State-level politicians like South Carolina governor Henry McMaster aren’t the only ones swimming in political contributions from SCANA – the publicly traded utility at the heart of a mushrooming scandal in the Palmetto State.
Federal politicians are getting mad stacks of cash, too.
According to OpenSecrets.org, SCANA contributions have comprised $43,250 of Rice’s haul during the current cycle – making the embattled company his largest source of campaign cash. All told, interests affiliated with the electric utility industry gave Rice $62,100 over the same period.
That’s his top special interest category.
As this website exclusively reported (here and here), federal agents are officially in on South Carolina’s increasingly radioactive #NukeGate scandal – probing whether state regulators, bureaucrats and politicians may have benefited improperly from SCANA stock increases tied to legislation and regulatory actions.
Those decisions revolve around the abandoned V.C. Summer nuclear power plant project in Jenkinsville, S.C. – a project SCANA partnered on with state-owned power company Santee Cooper.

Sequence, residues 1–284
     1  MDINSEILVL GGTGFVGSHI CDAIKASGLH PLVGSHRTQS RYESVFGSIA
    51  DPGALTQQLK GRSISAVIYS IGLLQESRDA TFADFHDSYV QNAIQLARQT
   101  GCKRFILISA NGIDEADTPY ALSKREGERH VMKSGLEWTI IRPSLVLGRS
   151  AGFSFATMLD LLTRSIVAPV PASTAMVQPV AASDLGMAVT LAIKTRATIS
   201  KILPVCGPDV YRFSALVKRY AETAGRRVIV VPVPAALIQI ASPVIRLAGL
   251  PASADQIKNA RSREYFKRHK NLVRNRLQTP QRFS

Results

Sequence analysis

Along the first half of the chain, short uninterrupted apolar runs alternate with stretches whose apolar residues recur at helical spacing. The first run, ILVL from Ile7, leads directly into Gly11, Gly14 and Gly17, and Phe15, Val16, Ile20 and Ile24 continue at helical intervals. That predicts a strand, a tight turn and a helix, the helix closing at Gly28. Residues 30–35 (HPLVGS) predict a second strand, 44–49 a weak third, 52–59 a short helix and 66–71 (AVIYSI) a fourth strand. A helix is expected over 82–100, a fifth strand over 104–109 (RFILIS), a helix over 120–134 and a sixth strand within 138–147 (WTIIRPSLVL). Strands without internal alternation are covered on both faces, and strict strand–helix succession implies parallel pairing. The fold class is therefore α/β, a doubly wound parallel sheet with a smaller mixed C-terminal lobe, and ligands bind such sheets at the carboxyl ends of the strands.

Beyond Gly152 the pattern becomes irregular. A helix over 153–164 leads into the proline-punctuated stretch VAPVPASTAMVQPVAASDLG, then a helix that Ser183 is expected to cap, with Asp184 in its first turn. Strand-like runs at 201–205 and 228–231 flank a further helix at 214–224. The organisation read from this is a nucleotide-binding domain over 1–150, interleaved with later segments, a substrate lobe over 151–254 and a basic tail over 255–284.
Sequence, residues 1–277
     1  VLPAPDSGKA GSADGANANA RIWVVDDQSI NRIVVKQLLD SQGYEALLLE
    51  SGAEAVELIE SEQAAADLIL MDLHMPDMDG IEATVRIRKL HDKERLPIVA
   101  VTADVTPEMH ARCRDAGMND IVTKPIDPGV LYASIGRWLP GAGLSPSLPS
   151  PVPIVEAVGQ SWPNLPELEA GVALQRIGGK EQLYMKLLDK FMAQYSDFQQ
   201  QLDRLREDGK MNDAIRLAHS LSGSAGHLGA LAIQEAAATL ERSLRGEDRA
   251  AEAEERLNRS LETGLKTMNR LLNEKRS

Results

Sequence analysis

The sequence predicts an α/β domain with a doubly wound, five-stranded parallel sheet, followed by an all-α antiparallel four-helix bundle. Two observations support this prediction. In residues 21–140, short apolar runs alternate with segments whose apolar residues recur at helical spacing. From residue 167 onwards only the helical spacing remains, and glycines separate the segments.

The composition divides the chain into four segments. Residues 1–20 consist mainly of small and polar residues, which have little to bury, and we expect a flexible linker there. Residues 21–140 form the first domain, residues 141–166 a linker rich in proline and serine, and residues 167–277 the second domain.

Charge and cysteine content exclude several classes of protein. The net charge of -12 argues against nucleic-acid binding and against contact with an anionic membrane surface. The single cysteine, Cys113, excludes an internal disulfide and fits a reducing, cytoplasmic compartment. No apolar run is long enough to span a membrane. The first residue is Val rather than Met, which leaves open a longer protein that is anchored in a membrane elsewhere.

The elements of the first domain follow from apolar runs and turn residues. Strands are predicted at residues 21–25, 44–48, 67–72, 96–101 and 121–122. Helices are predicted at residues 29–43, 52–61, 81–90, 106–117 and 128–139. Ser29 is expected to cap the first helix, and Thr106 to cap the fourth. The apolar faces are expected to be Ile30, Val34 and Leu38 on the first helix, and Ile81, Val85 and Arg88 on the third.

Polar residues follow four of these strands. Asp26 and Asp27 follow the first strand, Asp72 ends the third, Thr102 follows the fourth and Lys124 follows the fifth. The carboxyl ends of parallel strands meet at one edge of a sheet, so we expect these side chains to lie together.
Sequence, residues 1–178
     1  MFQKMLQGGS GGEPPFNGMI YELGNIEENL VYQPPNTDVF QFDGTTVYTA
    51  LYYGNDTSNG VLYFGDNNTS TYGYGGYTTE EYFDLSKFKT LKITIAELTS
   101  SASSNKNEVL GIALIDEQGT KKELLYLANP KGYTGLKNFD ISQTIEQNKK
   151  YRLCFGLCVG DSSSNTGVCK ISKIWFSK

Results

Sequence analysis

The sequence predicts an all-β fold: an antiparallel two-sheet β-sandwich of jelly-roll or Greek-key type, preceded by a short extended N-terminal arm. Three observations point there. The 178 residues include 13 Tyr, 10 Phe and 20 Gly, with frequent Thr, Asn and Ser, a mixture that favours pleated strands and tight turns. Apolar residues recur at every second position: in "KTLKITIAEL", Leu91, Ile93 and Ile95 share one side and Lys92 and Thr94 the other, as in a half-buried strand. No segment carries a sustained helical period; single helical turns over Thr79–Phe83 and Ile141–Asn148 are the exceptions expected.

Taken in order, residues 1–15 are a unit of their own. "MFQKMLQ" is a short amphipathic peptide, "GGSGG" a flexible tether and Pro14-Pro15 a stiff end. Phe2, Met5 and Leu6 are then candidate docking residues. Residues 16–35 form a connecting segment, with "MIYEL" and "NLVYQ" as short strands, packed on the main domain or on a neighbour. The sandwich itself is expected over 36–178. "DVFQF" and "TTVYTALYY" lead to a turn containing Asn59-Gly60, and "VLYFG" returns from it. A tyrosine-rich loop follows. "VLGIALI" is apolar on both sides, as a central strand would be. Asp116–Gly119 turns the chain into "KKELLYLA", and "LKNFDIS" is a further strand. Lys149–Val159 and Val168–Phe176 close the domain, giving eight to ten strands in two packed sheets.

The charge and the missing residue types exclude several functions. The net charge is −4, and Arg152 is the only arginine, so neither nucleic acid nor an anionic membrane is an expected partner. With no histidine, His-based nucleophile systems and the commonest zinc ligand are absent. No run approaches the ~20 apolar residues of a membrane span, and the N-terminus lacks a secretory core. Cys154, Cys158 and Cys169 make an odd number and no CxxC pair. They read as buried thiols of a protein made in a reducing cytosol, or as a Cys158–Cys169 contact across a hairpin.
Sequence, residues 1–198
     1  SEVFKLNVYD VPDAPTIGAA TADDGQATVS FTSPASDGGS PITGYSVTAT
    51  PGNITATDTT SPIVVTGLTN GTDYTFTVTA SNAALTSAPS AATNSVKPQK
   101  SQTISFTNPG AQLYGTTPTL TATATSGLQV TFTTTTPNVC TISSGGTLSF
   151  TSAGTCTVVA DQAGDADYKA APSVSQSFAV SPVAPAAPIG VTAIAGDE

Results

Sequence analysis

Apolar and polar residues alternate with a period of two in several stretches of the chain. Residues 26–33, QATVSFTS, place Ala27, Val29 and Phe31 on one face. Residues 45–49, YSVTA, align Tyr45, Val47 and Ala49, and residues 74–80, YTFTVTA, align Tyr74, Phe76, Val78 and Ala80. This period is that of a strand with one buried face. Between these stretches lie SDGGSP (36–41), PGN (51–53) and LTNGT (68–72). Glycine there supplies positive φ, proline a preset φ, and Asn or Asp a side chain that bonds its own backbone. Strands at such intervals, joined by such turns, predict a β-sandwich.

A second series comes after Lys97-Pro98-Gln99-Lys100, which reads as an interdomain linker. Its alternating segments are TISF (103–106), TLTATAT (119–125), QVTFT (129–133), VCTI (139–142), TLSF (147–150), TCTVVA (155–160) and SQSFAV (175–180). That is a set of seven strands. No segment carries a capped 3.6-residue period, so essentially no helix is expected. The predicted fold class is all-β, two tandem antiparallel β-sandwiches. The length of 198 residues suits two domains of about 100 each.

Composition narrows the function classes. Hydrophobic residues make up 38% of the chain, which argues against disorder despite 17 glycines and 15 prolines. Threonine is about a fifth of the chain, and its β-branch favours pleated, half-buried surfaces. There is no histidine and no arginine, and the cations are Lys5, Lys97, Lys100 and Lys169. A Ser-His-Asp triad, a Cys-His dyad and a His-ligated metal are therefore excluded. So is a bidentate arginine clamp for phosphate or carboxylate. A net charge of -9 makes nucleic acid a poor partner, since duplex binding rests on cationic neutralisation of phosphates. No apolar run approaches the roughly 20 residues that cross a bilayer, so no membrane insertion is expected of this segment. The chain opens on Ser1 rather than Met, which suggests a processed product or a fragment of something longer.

SCANA and Santee Cooper spent the past decade collaborating on a pair of next-generation nuclear reactors – which were supposed to have been operational last year at a cost of $9.8 billion. The money was spent, but the reactors weren’t finished. Or even half-finished. Not only that, estimates indicate they could cost another $9-16 billion to complete.
Unable to pony up its share of that amount, on July 31 Santee Cooper pulled the plug on the deal … killing an estimated 5,600 jobs, squandering billions of dollars in investment (including more than $2 billion raised through rate increases on consumers), throwing the state’s energy future into chaos, costing the government utility its credit rating and prompting a class action lawsuit against SCANA.
Documents released earlier this month revealed the utilities knew over a year-and-a-half ago the project was doomed – yet continued to raise rates on consumers anyway. There’s also a looming S.C. attorney general’s opinion on the now-notorious “Base Load Review Act,” which lawmakers rammed through the legislature a decade ago as a means of socializing the investment risk associated with the project.
State lawmakers are currently scrambling for political cover … but their hearings have only further exposed their starring role in this debacle.
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